What’s in a logo?

Thoughts on what a logo is... and isn't.
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What’s in a logo?

Target. Nike. Starbucks. Walmart. I could show you any of these company’s logos and you would recognize them instantly. But what makes a logo effective? What makes it useful? What’s in a logo that warrants every brand needing one, and some brands falling short at nailing that perfect blend of recognizable and different from its competitors. Let’s explore!
Whats in a Logo: Words & Imagery

Words + Imagery

 

Essentially, a logo is a combination of type and form that express your brand visually. That visual representation should embody the characteristics of your mission, your people and your work. But one common pitfall is believing that a logo should describe every single word of your business name through illustrations.

 

Try to picture your favorite logo — does it have a “clip art” feel to it? Does it pictoralize each word? Or, does it engage you in aesthetic and color to intrigue your eye and help you recall it’s business? You should be able to identify, or pull your logo out of a lineup, in less than 5 seconds. It should resonate with your target audience, but without emulating other logos in your industry and getting lost in the sea of marks.

 

At Wisk Creative, most of the time spent on logo development is actually spent on exploring who you are and what your mission is as a business. The colors, forms, typefaces and illustrations are all secondary to truly understanding the message you want to convey in your wordmark. If you truly “know thyself” the exploratory part of our branding process is a fun and easy one — resulting in a mark that truly identifies you and expresses your aesthetic to your target audience effectively.

What's in a Logo: Color & Form

Color + Form

 

Logos utilize color and form to convey a thought or feeling. Similar to classic expressive art forms (like drawing or painting) a logo can solicit emotion and recognition from its viewers. We hold the most noteworthy logos in high esteem for this. Think, Nike, whose swoosh is one of the most recognized logos in the world, but is composed of simple shapes with a form that conveys movement and energy through it’s high contrast curves.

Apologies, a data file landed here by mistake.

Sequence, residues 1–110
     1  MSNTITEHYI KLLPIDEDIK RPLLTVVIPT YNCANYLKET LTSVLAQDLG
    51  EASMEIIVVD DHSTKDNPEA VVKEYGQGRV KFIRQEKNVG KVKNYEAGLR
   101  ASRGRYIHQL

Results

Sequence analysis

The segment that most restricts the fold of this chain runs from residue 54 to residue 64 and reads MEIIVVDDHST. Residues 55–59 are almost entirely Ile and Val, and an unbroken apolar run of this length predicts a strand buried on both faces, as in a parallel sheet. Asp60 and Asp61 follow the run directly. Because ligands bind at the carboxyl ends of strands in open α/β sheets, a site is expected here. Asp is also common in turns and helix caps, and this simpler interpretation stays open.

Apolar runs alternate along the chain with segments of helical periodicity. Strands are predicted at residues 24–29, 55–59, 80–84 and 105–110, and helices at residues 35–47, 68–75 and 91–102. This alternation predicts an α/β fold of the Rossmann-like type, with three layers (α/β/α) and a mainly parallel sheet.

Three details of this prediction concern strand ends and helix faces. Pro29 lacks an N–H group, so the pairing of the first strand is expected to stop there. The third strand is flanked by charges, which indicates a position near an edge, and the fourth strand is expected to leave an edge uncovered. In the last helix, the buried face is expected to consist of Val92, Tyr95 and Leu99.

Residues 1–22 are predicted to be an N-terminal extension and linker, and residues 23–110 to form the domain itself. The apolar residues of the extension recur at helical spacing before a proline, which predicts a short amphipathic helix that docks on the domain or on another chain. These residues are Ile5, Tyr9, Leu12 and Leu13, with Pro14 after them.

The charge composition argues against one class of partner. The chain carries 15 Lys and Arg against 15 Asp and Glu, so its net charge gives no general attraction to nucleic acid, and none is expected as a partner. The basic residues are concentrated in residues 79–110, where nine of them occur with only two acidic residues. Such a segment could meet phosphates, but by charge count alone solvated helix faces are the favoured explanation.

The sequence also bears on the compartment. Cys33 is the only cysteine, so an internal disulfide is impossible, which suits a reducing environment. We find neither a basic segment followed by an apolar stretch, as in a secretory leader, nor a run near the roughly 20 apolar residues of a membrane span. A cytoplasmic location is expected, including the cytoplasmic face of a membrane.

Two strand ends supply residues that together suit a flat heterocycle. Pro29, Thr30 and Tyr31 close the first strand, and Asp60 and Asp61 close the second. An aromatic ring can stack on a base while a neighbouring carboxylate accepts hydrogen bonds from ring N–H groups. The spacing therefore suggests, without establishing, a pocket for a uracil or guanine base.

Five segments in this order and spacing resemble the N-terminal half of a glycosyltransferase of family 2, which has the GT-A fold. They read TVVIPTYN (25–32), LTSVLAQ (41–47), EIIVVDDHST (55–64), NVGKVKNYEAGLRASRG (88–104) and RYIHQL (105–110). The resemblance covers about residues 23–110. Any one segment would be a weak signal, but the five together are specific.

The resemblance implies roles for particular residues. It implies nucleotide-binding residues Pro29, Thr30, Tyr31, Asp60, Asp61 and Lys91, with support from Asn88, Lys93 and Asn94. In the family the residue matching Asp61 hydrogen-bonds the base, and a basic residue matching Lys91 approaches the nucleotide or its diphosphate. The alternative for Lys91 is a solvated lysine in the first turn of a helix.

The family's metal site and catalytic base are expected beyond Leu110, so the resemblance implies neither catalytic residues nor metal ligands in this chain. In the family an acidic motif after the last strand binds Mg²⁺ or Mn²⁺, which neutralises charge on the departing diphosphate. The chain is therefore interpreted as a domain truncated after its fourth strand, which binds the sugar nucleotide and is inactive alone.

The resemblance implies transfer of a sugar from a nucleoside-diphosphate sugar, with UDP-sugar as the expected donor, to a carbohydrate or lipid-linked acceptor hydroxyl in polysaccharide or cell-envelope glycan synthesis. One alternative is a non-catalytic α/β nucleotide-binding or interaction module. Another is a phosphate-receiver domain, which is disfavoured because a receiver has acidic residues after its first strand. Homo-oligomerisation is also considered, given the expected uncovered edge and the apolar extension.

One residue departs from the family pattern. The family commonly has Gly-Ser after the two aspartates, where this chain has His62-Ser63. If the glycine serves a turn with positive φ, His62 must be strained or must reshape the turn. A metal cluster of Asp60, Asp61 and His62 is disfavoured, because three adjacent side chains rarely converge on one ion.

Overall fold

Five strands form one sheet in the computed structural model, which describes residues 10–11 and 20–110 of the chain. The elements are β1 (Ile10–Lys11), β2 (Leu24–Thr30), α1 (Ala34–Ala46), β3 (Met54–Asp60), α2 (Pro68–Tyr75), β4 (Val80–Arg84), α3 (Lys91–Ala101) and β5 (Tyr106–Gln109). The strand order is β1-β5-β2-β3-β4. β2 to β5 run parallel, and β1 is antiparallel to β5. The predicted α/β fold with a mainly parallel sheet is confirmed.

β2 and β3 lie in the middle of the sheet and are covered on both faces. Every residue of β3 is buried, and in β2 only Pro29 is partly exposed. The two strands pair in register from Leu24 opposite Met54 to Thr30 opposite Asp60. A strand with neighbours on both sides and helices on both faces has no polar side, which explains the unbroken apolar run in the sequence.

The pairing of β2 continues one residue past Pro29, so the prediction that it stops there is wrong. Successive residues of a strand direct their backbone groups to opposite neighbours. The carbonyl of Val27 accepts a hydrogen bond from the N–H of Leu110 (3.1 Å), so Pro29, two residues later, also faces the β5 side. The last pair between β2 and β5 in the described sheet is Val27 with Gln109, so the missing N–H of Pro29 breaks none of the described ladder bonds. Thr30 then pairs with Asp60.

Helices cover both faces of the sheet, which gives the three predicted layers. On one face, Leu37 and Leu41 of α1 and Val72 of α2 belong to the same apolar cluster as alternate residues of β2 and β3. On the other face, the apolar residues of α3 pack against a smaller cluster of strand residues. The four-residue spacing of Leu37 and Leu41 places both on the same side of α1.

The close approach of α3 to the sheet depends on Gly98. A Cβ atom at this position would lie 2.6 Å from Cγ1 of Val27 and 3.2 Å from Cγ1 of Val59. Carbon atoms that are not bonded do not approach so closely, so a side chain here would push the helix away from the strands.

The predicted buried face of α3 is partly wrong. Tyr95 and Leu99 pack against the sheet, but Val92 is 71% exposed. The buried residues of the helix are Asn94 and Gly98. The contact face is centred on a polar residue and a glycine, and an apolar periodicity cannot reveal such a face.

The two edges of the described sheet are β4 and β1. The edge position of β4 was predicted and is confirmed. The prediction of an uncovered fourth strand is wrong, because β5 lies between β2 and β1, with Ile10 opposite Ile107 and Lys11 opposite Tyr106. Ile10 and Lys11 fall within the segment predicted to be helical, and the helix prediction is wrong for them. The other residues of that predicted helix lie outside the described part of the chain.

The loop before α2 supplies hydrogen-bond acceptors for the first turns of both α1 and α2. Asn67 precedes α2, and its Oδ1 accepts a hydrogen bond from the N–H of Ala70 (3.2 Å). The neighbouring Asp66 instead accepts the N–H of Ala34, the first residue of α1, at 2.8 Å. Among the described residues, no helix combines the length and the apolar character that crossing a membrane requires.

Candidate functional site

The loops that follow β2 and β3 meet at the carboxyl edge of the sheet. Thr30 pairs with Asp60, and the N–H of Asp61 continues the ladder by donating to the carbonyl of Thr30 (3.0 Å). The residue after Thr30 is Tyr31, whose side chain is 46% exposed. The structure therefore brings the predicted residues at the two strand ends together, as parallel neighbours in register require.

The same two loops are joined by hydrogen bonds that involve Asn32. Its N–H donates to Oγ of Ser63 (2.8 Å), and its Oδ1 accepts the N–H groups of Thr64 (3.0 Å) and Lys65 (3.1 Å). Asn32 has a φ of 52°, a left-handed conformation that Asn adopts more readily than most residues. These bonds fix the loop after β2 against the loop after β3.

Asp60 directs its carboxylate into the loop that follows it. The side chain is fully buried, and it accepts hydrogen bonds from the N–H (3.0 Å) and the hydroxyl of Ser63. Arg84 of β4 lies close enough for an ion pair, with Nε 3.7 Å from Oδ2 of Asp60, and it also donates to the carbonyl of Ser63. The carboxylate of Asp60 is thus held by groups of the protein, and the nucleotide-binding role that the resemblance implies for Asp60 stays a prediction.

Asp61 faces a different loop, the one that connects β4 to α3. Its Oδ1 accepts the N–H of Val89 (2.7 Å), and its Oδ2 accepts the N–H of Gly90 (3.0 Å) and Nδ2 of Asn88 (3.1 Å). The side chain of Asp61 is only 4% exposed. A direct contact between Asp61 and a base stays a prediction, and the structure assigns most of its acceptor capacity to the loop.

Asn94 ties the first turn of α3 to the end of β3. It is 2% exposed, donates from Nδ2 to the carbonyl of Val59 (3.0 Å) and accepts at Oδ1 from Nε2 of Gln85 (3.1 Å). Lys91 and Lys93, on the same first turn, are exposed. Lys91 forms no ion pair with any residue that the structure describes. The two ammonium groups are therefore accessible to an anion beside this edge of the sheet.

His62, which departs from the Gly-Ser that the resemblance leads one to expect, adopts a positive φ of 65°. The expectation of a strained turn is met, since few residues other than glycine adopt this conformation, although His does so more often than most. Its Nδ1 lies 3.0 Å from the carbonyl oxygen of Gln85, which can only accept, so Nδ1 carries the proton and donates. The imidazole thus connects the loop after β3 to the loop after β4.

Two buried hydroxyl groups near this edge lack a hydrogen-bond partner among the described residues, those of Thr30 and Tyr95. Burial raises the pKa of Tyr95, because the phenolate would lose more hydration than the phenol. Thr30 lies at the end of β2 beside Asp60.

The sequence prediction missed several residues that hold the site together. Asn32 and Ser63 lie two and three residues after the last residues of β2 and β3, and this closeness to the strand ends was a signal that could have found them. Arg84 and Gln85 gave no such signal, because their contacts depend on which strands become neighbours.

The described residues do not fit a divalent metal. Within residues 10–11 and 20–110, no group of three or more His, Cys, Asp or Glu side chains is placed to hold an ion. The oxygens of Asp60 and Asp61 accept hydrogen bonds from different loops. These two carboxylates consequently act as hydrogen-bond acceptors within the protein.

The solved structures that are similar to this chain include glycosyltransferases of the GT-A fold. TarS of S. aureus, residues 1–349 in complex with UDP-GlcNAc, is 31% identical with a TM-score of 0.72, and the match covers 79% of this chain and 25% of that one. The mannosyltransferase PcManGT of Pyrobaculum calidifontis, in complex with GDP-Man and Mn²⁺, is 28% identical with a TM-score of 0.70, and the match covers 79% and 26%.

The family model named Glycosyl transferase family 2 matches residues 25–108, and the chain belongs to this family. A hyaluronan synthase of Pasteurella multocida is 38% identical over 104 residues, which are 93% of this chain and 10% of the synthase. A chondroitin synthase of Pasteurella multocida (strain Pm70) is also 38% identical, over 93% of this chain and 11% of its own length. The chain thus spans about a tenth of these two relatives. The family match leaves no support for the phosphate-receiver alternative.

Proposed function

A great logo deserves balance. Balance of contrast between colors, balance of shape and form. Wordmarks and icons should guide your eye through the illustration or text easily, should flow naturally and should be simple; but profound in what they convey. A well balanced logo is sometimes unnoticed, but an imbalanced logo is easy to critique. Even without the eye of a graphic designer, I’m sure you can think of some “bad” logos that made you scratch your head a little bit…that tends to happen when the balance is out of whack. (One noteworthy logo “fail” for me, the 2012 London Olympics mark. Yikes.)

 

One final note on color & form: hierarchy. We’re not talking kings & queens, we’re using that fancy word to describe the order by which our eye pulls us through a form. Is your type on top? Centered? Justified left? Does the icon flow into the text? Stand out? Stand above? Do your elements trap space or create other shapes unintentionally? Does your logo translate well from a large print, like a billboard, to a small print, like a letterhead? This order of movement is important. A dynamic logo pulls your eye through the mark with ease and has a sort of harmony around it, appealing to your audience rather than unnerving it.

Whats in a Logo: Versatile + Consistent

Versatile + Consistent

 

Most people don’t think of versatility when they picture a logo, because they are so used to recognizing a mark in one form only. What we don’t recognize verbally is that we do see logos (even the most famous and well known forms) in variations across media. Let’s go back to the Nike swoosh. It has been used in print ads, on shoes, t-shirts, videos, filled with different colors and patterns, layered over images and left to its classic form. Versatile, but consistent.

 

Your logo should have one primary form, and maybe a simplified or expanded variation that matches. Sometimes, an accompanying icon can be detached from the logo to be used as separate mark (Think: McDonalds arches without the word “McDonalds” below it). Your logo can be just as consistent and versatile as the big leagues, and should. You should be able to drop your logo into a PowerPoint presentation, print it on tags or labels and still use it on a letterhead or business card. Once again, the recognization of your marks should remain in tact, but the variations allow for creative usage and give space for successful use across many media types.

A Quick Study

 

Below is a small gallery of logo projects we’ve worked on, in various stages of their processes. Hopefully, the insight into the process and purpose of a logo has some creative juices flowing for you. Can you identify the point and purpose of each component of your logo? Is it time for a refresher? Shoot us an email or give us a ring and we can talk about simple ways to improve your brand by refreshing or creating a logo that works for you.

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Ashley Wiskirchen

ashley@wiskcreative.com

I believe good design can change the world. I've seen it happen, and hope to continue contributing to the world of design in practical ways. I think everyone should have access to well-thought-out informative design solutions to improve themselves, their businesses and their communities.

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